Difference in Views

According to the philosopher Lucretius, matter, which is made up of atoms, and the empty space, is what the whole universe is made up of. Due the empty space, atoms move about freely in the universe and when atoms collide with each other and come together, they form matter i.e. material objects. Human beings, just like the non living things such as a table or chair, are made up of atoms. When humans die or when these non living things are discarded or burnt in fire, the atoms are not destroyed. They come back into the empty space and again collide and come together to form living things which can think, speak, taste, etc, as well as non living things. Thus, it is the atoms, the matter which forms humans, their consciousness, soul, mind, and thoughts.

As materialism suggests that consciousness and ideas do not exist or even if they do, they are nothing but atoms, then why do different people have different ways of looking at things? A glass half filled with water, may seem half empty to some and half full to others. This shows that perceptions of reality differ from person to person, although we have the same electrical activities going on inside our brains are made up of the same atoms. It is these psychological processes such as our desires, beliefs, intentions, thoughts, feelings and sensory perceptions, that distinguish one person from another. This phenomenon has still not been satisfactorily explained by scientists or proponents of materialism.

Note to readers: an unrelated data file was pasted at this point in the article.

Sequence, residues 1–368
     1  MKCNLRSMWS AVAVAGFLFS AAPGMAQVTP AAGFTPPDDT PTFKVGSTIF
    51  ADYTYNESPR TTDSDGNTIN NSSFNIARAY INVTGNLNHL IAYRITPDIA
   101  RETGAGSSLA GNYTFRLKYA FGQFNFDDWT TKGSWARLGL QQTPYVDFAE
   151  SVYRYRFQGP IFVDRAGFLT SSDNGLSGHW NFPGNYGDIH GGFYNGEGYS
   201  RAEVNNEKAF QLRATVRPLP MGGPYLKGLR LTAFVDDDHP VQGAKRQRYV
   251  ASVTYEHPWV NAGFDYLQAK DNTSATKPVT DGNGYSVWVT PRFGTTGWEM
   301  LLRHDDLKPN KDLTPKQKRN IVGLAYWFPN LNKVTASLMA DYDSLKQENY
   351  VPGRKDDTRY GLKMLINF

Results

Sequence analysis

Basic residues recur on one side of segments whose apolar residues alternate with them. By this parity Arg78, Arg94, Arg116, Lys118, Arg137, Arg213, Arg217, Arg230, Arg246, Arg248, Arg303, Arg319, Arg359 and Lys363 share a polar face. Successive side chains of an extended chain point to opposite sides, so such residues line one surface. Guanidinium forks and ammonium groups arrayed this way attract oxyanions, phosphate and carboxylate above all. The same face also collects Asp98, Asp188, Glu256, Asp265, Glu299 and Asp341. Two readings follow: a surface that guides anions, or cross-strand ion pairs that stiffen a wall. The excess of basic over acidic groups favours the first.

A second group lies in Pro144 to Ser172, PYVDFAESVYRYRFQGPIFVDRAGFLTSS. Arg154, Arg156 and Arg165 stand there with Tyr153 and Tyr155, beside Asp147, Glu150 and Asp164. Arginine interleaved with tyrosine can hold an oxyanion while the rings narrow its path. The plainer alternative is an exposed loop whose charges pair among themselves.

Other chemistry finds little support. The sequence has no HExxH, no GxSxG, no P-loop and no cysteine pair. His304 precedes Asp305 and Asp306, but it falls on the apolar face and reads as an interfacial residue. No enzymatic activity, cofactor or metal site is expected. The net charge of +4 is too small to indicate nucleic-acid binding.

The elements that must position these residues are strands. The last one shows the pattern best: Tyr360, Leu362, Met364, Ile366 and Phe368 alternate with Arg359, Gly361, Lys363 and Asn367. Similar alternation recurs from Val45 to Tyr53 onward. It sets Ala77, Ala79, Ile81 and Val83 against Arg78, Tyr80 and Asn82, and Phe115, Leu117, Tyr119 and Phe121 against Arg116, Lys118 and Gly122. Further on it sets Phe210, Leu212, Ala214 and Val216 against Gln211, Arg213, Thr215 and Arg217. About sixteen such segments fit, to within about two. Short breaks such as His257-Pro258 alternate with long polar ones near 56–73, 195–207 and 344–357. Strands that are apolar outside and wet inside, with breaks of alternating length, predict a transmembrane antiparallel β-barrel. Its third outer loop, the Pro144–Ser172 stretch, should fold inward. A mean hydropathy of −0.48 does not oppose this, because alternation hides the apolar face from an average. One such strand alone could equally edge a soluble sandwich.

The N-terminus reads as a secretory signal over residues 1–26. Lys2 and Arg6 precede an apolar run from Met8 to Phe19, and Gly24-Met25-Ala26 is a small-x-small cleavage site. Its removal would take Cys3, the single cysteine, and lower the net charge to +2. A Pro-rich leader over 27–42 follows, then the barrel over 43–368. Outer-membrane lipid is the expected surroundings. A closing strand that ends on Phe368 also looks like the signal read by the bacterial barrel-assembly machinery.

If we look at modern science, it is very closely associated with the philosophy of materialism. Most scientists can be considered materialists by profession as they only study about or deal with material things, but personally they may have different beliefs and some of them may actually believe in things like human consciousness, perception, thoughts and other psychological processes.

People who have been debating on this subject, often point out the flaws of materialistic philosophy. They suggest that since atoms and particles do not have any consciousness, then how come they can come together to form human consciousness and soul? Thus, the philosophy of explaining everything in reference to material things or matter, is still highly debated and lot of questions are still left unanswered.

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In deontological ethics an action is considered morally good because of some characteristic of the action itself, not because the product of the action is good. Deontological ethics holds that at least some acts are morally obligatory regardless of their consequences for human welfare. Descriptive of such ethics are such expressions as “Duty for duty’s sake,” “Virtue is its own reward,” and “Let justice be done though the heavens fall.”

Teleological theories differ on the nature of the end that actions ought to promote. Eudaemonist theories (Greek eudaimonia, “happiness”), which hold that ethics consists in some function or activity appropriate to man as a human being, tend to emphasize the cultivation of virtue or excellence in the agent as the end of all action. These could be the classical virtues—courage, temperance, justice, and wisdom—that promoted the Greek ideal of man as the “rational animal”; or the theological virtues—faith, hope, and love—that distinguished the Christian ideal of man as a being created in the image of God.

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I suppose therefore that all things I see are illusions; I believe that nothing has ever existed of everything my lying memory tells me. I think I have no senses. I believe that body, shape, extension, motion, location are functions. What is there then that can be taken as true? Perhaps only this one thing, that nothing at all is certain.
René Descartes